What is Prepreg and Core in PCB
According to Rush PCB USA, for multi-layered boards, PCB prepreg and cores are interchangeable, as both are very similar in some ways, and different in others. Basically, the core is one or more prepreg laminates that the fabricator has pressed, hardened, and cured with heat. This core also has copper foil plated on each side. Usually, the prepreg material is glass cloth, impregnated with resin. The resin is hardened, but left uncured.
PCB manufacturers use the prepreg as a glue to hold core materials together. For instance, when the fabricator must stack two cores together. They stack the two cores on either side of a prepreg laminate, and expose this stack to heat. The heat causes the resin to melt and start bonding to the adjacent copper layers. As the resin cures, it crosslinks, and the resulting material properties of the resin starts to approach that of the core layers.
The glass cloth in the resin material of the prepreg has a weave very similar to that of a yarn. Depending on the type of prepreg requiered by the application, the glass weave may vary — tight weave (7628 prepreg) or loose weave (1080 prepreg). The gaps and homogeneity in the yarn determine the electromagnetic properties of the prepreg. This becomes responsible for the dispersion, losses, and other characteristics affecting the signals in the board.
Manufacturers refer to the copper-clad core board as the core, and this is also the base material for creating a PCB. It has a specified thickness, hardness, and a defined thickness and type of copper on it. Basically, a combination of prepreg and core forms a multilayered board.
As stated earlier, the core in a PCB is prepreg that has been pressed, hardened, and cured with heat, along with a copper foil on both sides. The core typically uses glass-reinforced epoxy laminate sheets of FR4 layer with copper sheets.
When the fabricator must sandwich two cores together, or a copper foil on to a core, they use a dielectric material or prepreg in between to insulate and bond the two copper foils. The prepreg provides the required insulation. Fabricators refer to it also as a binding material, as it binds the copper foil to a core. Depending on the dielectric properties necessary in the final application, the fabricator can modify the type of prepreg they will use.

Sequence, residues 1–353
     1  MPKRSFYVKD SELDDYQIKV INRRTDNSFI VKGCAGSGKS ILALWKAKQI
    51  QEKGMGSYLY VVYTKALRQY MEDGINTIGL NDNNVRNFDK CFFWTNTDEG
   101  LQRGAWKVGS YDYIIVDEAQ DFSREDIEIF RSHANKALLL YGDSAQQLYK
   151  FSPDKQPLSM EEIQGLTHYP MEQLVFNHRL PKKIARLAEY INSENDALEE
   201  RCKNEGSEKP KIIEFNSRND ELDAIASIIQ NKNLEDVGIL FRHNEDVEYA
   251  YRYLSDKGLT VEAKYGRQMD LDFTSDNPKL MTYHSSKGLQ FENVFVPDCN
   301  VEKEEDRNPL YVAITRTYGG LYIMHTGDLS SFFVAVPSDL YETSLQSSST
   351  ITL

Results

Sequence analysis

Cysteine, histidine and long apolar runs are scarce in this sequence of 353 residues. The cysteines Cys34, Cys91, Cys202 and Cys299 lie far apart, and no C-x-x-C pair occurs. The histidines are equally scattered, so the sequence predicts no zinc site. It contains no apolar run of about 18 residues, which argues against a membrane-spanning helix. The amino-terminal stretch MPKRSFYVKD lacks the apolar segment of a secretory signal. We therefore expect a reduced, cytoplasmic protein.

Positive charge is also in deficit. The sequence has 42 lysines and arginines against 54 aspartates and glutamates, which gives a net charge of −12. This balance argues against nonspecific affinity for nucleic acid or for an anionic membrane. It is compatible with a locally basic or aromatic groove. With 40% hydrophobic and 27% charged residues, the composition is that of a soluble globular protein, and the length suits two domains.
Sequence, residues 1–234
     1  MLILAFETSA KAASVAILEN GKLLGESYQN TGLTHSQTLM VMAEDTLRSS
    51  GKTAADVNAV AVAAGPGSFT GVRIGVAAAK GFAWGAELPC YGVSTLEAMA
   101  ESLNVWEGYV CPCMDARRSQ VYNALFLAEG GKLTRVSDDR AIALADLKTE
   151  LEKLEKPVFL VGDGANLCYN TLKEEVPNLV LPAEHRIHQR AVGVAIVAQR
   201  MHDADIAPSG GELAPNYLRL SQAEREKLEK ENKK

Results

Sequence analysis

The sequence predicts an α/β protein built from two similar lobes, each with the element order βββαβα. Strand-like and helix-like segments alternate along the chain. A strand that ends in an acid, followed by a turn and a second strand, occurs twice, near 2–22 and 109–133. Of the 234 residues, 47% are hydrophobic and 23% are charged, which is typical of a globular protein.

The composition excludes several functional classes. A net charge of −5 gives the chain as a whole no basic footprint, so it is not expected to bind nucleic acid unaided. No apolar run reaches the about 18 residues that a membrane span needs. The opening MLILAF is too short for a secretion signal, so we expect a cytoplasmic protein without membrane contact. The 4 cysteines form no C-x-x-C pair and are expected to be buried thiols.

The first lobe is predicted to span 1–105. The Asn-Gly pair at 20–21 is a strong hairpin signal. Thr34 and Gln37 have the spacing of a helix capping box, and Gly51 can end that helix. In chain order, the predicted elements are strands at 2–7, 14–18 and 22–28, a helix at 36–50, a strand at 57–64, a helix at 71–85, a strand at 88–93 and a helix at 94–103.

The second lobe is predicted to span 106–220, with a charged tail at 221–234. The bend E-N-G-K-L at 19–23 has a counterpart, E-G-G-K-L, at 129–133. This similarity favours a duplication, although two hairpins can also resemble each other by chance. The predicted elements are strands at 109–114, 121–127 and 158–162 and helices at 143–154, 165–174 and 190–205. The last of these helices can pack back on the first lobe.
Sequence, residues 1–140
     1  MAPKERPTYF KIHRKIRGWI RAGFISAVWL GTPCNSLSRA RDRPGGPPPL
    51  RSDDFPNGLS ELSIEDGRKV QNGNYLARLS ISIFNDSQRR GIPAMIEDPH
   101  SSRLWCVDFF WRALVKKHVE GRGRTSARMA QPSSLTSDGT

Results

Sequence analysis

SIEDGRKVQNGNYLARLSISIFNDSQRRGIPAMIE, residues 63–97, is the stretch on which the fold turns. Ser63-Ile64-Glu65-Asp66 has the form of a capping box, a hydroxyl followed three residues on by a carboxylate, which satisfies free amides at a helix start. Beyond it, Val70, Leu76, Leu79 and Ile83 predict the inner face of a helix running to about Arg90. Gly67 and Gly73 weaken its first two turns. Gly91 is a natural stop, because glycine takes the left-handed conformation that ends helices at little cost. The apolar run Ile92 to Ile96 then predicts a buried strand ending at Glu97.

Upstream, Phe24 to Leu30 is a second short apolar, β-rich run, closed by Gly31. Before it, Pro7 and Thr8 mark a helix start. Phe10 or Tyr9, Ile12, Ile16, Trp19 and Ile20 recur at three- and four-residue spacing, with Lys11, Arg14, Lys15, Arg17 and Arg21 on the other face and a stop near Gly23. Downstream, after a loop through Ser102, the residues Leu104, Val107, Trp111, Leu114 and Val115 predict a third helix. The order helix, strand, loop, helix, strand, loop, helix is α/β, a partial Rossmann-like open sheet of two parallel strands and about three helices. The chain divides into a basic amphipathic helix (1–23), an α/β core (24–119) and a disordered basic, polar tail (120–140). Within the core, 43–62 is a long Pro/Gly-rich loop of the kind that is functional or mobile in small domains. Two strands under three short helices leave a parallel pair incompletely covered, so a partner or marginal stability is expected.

PCB prepreg and core have many similarities and differences. The core is essentially one or more prepreg laminates that the fabricator has cured and hardened while pressing with heat. They also use it to bond two copper foils on either side of the core. This forms the copper clad core of the PCB.
Fabricators also use prepregs to bond additional copper foils to those of the copper clad core, or to bond two copper clad cores together. They stack two copper clad cores on either side of a prepreg laminate and expose the stack to pressure and heat. The heat melts the resin and it starts to bond with the adjacent copper layers. The resin starts crosslinking, and begins to gradually cure. Ultimately, its material properties start to approach that of the core layers.
The difference between properties of the core and prepreg arise because of the difference in glass weave, type of resin, and the resin content in the two. These variations also cause the difference in dielectric constants in the prepreg and the core materials of the PCB.
If the fabricator wants to develop exact impedance matching boards, the situation can become a problem. This is because the dielectric constants of the surrounding materials determine the effective dielectric constant that the signal on a track will see. This is due to the disparities between the prepreg and the core materials.
In multi-layered boards, the prepreg is the glue holding the various layers together. The fabricator must fuse them when they stack the various board layers by exposing them to high pressure and heat. The fabricator must also achieve the general board thickness by adjusting the prepreg thickness. Designers require specific characteristics of the prepreg when using it to stack up a multi-layered board. No intermediate surfaces of a multi-layered board must have foreign matter, excessive resin, cracks, defects, oil, or stains. The surface must be smooth to feel and look.
In complex PCBs, fabricators must also use complex prepreg layers. They must also use various types of prepreg for achieving the specified thickness of the board. However, not all core and prepreg materials are compatible with each other. If the fabricator uses core/prepreg stacks that have very different dielectric constants, they will find it very difficult to predict the exact dielectric constants and losses in the interconnect.
At high voltages, leakage current and creepage can be a concern in a PCB. There is also the electromigration of copper and growth of conductive filaments that reduce the creepage specifications in FR-4 materials. The above problem and the need to increase the decomposition temperature and glass transition temperature has led to the increasing use of non-DICY or non-dicyandiamide resins in FR-4 laminates and cores.
Use of phenolic resins offer higher glass transition and decomposition temperatures compared to DICY resins. They also provide higher insulation resistance after the fabricator has fully cured the resin.
According to Rusn PCB USA, for multi-layered boards prepreg is rather a necessity apart from being only an essential part of the printed circuit board manufacturing process. Without the prepreg being present, there is nothing to hold the various layers together. Therefore, prepreg and core form the two major parts of a PCB. Also, the core has copper tracks on its two sides. However, the core of the PCB holds together because of the presence of the prepreg.